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Is Social Media More or Less Anonymous Today? Conclusion

In Part 1 of this blog series we looked at the anonymous posts in our Visible data repository to see which media type is the most mysterious and discovered blogs have the most secretive posters. In Part 2, we looked to answer the question of whether or not the growth in popularity of Facebook and other social networks like Google+, where people more openly identify themselves has influenced how people self-identify in other social arenas.

In this final post, I wanted to dig a little deeper into the qualitative side of what people were talking about, openly or anonymously, to see if there were any noticeable differences. To do this, I used the Topic Discovery feature in Visible Intelligence. In an effort to mitigate news spikes and fleeting hot topics, I included the entire month of July. Finally, I decided that it would be most meaningful to narrow the view to broad topics like travel, automotive, cellular, movies, etc.,  in order to quickly surface some interesting comparative content. Here’s what I found in the travel research:

Topic Discovery allows us to analyze large amounts of data quickly viewing comparisons with different searches or sentiment, geography, media type and periods. In this view, I wanted to look at all travel-related posts by anonymous authors and compare it to those of the known authors. The outer blue bar charts display the terms that are used more often by that author type when talking about travel, the center lists terms used more commonly by both.

Travel-related posts:  Anonymous versus Known Authors

It’s not surprising to see that “summer” and “vacation” are some of the most common terms used by both sets of authors (center) but by clicking on the word “day” to drill in so I could read the posts mentioning “day” revealed a lot of discussion about day trips and day camps for kids which I wasn’t expecting. Looking at differentiating terms, it is clear that identifiable authors have a propensity to speak in the first person voice while anonymous posters are differentiated by more travel-related issues, particularly weather and regional information. By drilling into the data behind the charts I confirmed my suspicions that anonymous posters tend to give more recommendations and advice rather than share personal experiences.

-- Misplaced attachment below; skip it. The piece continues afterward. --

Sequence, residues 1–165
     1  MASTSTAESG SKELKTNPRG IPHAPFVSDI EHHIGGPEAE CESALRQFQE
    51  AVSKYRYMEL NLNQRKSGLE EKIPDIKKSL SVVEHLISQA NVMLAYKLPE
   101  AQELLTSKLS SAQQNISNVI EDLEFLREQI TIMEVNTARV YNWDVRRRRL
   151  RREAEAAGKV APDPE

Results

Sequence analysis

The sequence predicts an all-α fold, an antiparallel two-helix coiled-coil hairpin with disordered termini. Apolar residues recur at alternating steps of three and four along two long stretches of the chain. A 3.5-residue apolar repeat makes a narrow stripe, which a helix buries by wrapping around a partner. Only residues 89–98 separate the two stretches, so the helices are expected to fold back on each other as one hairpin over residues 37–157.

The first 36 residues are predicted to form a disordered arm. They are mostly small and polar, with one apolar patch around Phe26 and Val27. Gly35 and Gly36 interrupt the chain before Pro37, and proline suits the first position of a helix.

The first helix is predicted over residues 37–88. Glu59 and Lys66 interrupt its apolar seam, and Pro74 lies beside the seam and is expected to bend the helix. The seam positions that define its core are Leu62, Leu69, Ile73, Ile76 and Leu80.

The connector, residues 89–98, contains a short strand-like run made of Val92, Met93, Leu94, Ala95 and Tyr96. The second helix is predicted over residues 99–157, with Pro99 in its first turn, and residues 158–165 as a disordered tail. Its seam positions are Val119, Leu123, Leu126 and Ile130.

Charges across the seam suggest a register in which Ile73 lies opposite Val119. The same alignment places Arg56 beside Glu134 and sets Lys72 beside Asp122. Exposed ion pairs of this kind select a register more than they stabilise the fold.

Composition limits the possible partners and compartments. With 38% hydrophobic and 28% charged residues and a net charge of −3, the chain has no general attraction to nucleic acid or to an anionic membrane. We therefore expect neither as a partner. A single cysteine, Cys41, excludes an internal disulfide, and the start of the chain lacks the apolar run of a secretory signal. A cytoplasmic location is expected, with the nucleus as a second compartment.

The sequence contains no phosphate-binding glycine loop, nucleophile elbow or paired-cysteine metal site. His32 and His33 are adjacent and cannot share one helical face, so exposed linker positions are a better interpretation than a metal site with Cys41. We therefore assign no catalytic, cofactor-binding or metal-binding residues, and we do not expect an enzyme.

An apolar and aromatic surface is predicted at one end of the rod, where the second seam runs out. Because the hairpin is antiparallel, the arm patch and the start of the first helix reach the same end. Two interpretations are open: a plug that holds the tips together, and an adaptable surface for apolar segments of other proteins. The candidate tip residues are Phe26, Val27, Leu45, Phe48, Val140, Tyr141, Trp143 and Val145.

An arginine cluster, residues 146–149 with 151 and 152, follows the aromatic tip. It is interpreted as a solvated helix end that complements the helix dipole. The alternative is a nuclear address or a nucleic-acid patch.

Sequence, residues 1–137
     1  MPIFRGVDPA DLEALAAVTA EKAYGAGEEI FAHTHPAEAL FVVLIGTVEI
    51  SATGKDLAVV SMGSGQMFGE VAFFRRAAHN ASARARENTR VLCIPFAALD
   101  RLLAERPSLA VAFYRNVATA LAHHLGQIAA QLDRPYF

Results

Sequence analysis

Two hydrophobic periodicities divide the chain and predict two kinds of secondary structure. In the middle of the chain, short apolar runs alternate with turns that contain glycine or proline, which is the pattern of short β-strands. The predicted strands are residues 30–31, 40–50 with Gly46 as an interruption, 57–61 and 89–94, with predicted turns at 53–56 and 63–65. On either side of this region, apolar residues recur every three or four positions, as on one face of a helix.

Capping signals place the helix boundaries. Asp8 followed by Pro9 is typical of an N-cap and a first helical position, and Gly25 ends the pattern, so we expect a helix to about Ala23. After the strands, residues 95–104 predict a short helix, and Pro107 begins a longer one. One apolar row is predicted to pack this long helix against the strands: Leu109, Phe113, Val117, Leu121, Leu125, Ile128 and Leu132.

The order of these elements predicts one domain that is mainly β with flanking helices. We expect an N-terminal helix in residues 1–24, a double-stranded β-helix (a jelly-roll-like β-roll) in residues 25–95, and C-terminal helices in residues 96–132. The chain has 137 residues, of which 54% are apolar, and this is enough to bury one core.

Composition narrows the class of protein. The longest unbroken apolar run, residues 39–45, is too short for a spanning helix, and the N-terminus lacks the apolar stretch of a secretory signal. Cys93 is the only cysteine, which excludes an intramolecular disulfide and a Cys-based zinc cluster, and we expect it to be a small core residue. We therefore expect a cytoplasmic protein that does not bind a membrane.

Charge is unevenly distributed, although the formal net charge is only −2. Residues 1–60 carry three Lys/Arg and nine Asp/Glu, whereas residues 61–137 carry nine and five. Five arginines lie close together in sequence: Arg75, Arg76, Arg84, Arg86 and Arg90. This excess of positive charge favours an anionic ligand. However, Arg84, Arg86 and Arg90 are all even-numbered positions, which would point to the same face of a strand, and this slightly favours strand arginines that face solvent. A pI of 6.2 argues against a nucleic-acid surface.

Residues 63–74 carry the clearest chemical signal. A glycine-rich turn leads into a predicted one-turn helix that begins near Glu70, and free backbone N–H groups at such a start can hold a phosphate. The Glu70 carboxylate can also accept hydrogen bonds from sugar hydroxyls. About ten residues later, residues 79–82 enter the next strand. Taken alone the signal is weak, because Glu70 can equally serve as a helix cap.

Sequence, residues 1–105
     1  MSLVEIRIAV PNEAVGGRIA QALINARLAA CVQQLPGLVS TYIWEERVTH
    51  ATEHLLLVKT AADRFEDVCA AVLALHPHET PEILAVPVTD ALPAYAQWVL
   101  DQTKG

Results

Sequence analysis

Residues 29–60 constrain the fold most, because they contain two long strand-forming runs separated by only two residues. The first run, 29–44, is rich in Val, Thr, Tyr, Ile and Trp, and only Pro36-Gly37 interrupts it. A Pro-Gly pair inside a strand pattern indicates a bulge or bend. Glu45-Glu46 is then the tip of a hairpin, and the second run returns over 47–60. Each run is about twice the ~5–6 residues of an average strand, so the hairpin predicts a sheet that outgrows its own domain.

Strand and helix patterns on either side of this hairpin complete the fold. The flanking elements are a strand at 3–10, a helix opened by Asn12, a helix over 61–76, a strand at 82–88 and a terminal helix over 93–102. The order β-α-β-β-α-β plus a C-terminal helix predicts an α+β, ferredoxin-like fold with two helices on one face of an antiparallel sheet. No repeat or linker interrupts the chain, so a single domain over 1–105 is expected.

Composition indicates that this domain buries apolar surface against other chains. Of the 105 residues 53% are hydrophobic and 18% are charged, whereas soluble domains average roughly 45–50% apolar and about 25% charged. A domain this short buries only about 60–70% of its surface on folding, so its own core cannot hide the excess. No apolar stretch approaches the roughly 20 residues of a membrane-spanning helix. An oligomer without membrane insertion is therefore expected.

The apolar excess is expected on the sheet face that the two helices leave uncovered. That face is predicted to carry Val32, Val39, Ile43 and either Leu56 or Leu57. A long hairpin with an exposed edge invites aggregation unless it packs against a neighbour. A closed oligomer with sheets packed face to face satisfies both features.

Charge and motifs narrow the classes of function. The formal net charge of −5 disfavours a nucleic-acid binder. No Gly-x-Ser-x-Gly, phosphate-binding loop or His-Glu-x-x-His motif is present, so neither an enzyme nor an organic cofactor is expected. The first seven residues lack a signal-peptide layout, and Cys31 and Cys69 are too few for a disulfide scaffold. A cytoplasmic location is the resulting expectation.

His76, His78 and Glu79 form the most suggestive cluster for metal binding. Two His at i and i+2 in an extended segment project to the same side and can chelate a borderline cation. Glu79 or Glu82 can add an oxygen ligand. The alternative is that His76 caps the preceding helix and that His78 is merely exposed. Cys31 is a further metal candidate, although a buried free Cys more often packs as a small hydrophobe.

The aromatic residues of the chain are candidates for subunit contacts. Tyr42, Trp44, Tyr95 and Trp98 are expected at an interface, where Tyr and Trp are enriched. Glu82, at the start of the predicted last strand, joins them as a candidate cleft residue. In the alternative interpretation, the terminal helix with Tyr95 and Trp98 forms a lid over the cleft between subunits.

Next I thought it would be interesting to look at any themes in the sentiment of what anonymous posters are writing about. Positive posts tend to focus on the standard fun travel adjectives and terms, but negative posts are centered on political and economic concerns. One term I found particularly curious was “scientists”. Upon drilling further and investigating, I was surprised to learn that there were over 50 posts talking about travel impacting the environment, pollution, traveling green and the work scientists are doing in popular vacation destinations.

Anonymous Travel posts:  What are they Positive and Negative about?

This is just the tip of the iceberg of what Topic Discovery in Visible Intelligence can do. In reviewing a number of topics in addition to travel, what stood out the most was the degree of personalization and sharing that identified authors provide. What surprised me the most was the lack of scathing anonymous reviews and venting I expected to see from folks hiding behind that curtain of anonymity. That encourages me for the future of social dialogue and the level of ownership people are taking with the content they write. Do you feel the same way or read something different into the data?

Jackie,

~Social Intelligence Crusader

Tags : social media

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